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Al-Sadr says elections legalized occupation


Muqtada al-Sadr sits at his home in Najaf on Sunday during an interview. Al-Sadr, the Shiite leader whose militia rose up twice against U.S. troops last year, says Iraq's political process has legitimized the country's
Muqtada al-Sadr sits at his home in Najaf on Sunday during an interview. Al-Sadr, the Shiite leader whose militia rose up twice against U.S. troops last year, says Iraq's political process has legitimized the country's "occupation" and that he wishes to see an Islamic-oriented constitution for Iraq. (Associated Press / The Spokesman-Review)
Qassim Abdul-Zahra Associated Press

NAJAF, Iraq – A radical anti-American cleric says he will stay away from Iraqi politics as long as U.S. troops remain, and he condemned senior Shiite leaders and the government for embracing this year’s elections that “legitimized the occupation.”

In a rare interview with a Western news organization, Muqtada al-Sadr also criticized the desecration of the Quran by interrogators and guards at the U.S. prison camp in Guantanamo Bay, Cuba, telling the Associated Press their action was criminal.

“God willing, whenever the tyranny’s blows increase in frequency, our own courage and strength increase, too,” Muqtada told the AP late Sunday as he sat on a cushion in his home in this holy city south of Baghdad. “Islam has lost nothing from this crime.”

Al-Sadr indirectly criticized Iraq’s top Shiite cleric, Grand Ayatollah Ali al-Sistani, for promoting the process that led to the formation of the country’s Shiite-led government.

Al-Sistani was the driving force behind Prime Minister Ibrahim al-Jaafari’s government and the man whose endorsement of the electoral process led Shiites to vote in droves in Iraq’s historic balloting on Jan. 30.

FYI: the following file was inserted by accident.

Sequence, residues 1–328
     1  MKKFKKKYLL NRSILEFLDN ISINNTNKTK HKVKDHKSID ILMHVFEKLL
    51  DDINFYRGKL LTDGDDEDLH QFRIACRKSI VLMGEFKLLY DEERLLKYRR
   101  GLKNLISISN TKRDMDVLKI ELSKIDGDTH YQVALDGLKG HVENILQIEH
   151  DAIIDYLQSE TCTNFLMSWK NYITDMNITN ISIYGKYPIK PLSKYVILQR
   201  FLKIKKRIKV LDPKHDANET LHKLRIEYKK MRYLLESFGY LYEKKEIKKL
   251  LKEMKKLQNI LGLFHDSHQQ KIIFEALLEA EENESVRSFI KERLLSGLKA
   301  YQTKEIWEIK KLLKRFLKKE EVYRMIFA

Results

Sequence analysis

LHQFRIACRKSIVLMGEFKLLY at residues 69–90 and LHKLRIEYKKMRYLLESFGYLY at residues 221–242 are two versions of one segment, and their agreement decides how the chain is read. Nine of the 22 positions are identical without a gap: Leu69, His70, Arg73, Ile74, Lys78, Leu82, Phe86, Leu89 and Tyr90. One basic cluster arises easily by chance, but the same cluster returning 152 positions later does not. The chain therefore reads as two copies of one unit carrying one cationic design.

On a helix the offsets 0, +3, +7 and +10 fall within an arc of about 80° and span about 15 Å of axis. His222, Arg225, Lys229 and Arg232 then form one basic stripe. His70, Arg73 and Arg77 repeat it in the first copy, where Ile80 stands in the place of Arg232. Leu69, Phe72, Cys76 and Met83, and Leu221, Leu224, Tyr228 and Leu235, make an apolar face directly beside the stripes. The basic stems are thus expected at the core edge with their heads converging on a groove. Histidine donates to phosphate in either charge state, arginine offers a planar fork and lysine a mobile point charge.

Al-Sadr said al-Sistani’s appeal presented voting as an act of “political resistance” against the U.S. presence in Iraq, but it in fact legitimized the occupation.

“In reality, the electoral process was designed to legitimize the occupation, rather than ridding the country of the occupation,” al-Sadr said.

The United States formally ended its occupation of Iraq a year ago, but it still has nearly 140,000 troops in the country, giving Washington a big say over policy.

Al-Sadr followers have in the past voiced contempt for Iraq’s senior Shiite clerics, including al-Sistani, for their perceived tolerance of the U.S. presence in Iraq. They have refrained from making such attacks in recent months.

Al-Sadr’s criticism of the Iranian-born al-Sistani also seemed to contradict efforts to improve relations with rival Shiite bodies and politicians from Iraq’s ethnic and religious groups.

A populist leader who burst onto Iraq’s political scene after the 2003 ouster of Saddam Hussein, al-Sadr has been holed up at home since last fall. Scores of people stood in line outside the modest two-story house in the upscale al-Hanana neighborhood, with security guards searching them under a tent.

There is an outstanding arrest warrant for al-Sadr over his alleged role in the murder of a rival cleric in Najaf two years ago. U.S. officials have said in private conversation that they do not mind al-Sadr’s return to politics – as long as he stays away from violence.

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